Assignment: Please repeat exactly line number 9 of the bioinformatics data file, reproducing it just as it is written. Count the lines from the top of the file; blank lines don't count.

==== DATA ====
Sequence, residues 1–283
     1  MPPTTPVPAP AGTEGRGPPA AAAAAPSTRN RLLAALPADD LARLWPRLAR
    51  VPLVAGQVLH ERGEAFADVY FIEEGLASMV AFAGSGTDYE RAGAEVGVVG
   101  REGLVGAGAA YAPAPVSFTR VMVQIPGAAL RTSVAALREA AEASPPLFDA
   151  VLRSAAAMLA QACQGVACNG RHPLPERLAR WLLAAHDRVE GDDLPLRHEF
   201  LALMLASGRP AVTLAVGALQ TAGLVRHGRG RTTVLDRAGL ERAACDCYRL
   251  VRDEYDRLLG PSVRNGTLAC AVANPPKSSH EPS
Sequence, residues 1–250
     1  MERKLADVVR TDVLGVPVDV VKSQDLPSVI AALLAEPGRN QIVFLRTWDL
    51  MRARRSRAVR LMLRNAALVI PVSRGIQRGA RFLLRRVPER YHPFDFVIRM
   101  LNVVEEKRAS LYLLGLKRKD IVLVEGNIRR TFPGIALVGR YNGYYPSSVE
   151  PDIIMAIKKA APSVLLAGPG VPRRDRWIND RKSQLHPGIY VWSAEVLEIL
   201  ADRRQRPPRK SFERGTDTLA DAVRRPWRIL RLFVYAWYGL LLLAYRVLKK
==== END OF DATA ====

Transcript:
     1  MERKLADVVR TDVLGVPVDV VKSQDLPSVI AALLAEPGRN QIVFLRTWDL